I met twenty- and thirty-something women with breast cancer, all positive, spunky, cracking jokes about puking, losing hair, going out.
I met another young guy who has undergone three brain surgeries and just recently discovered that a fourth malignant tumor has now grown. He traveled all the way from Danbury to meet others like him.
I met some who have ridden the cancer wave from pediatrics to young adulthood - the disease creeping in and out of their lives.
I met a man who was told that it was a fungus on his head caused from his hockey helmet (not cancer). I met a woman who took four months worth of antibiotics (of course, not cancer) before it was finally her dentist who diagnosed her with lymphoma.
It was such a breath of fresh air to see young spirits fighting against all of this and able to be out in the world, to be positive, to know that it's still okay to meet new people, to be at a bar, to snack on nachos and pigs in a blanket even with the dreaded cancer we all hold closer to us than we probably would like.
The difference in talking with these people was that they get it. I love my husband, my friends, my family, my doctor, the older patients that I've met, but no matter how much they try, they can't fully grasp what it's like to go from being a blonde-haired, successful, running, hiking, biking, carefree twenty-something with big plans for the future to a bald, weak, lethargic twenty-something fighting my hardest against an invader inside my own body. I hope those people that I love never have to understand what it's like. But for those of us who know the realities, it's nice to be able to talk to each other without abandon, to not have to worry about offending someone or making them feel uncomfortable. I could look these other young adult cancer patients in the eyes and without saying anything, completely understand each other's mix of pain and elation to be standing there in that moment. One woman thanked me repeatedly for helping to make the event happen, saying that it was exactly what she needed. It felt so incredibly good to be able to turn something as awful as a cancer battle into something positive for myself and hopefully many others to come.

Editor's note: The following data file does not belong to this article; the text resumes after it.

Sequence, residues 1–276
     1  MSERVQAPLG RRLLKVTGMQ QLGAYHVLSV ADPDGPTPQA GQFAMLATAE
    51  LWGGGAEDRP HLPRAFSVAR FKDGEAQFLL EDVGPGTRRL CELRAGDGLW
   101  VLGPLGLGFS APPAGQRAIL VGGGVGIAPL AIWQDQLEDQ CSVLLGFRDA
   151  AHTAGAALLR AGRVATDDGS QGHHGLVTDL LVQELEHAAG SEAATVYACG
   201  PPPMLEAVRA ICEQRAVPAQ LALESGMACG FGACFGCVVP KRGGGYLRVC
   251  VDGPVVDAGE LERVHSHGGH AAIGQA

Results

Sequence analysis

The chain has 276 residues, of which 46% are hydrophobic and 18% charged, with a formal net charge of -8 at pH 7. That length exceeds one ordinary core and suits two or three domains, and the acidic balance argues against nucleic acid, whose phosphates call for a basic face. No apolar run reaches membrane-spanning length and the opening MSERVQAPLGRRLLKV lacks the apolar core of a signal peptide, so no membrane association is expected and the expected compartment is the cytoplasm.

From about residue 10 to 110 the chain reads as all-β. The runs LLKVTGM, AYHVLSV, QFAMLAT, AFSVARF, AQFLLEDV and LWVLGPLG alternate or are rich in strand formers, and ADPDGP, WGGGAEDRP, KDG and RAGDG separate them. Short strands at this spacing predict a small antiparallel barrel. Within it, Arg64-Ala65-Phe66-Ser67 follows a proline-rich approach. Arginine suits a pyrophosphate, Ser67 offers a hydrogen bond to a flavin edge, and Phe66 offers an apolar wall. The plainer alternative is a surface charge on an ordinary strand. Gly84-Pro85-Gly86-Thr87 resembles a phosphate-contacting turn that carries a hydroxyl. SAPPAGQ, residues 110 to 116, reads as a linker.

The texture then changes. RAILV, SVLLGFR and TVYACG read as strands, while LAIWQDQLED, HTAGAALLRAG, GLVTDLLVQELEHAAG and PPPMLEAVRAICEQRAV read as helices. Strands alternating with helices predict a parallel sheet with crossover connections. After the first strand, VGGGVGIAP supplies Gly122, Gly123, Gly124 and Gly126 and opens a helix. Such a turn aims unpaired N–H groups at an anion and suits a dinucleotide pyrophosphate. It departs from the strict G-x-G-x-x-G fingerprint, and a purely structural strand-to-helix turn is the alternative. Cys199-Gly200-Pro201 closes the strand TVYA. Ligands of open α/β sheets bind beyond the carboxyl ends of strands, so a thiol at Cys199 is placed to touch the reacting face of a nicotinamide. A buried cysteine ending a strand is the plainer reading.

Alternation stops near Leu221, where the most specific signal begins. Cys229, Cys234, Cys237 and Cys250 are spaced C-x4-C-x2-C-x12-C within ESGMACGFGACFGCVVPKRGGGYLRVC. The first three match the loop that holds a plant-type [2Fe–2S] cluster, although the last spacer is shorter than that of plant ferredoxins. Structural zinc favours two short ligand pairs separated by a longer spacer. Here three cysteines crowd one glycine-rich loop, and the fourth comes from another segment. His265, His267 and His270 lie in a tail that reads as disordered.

The cause to advocate for young adults with cancer was illuminated more than ever for me. It's so important for everyone my age to realize that unfortunately, yes, we can get cancer too, and when we know something isn't right we need to be persistent, listen to our bodies and take care of ourselves. How I got to be a stage 4b cancer patient I will never know, but I only hope that others will learn from my story and pay attention to the warning signs. We tend to think we're invincible, we can take on the world. No time for sickness, for naps, for pain ... just push through. We've got careers to conquer, charities to start, countries to visit, families to create. Who has time to be sick? Well, it all comes to a screeching halt when you're standing in a dog park with an empty leash in your hand and the voice on the other line of your Blackberry tells you you have cancer and your life changes forever.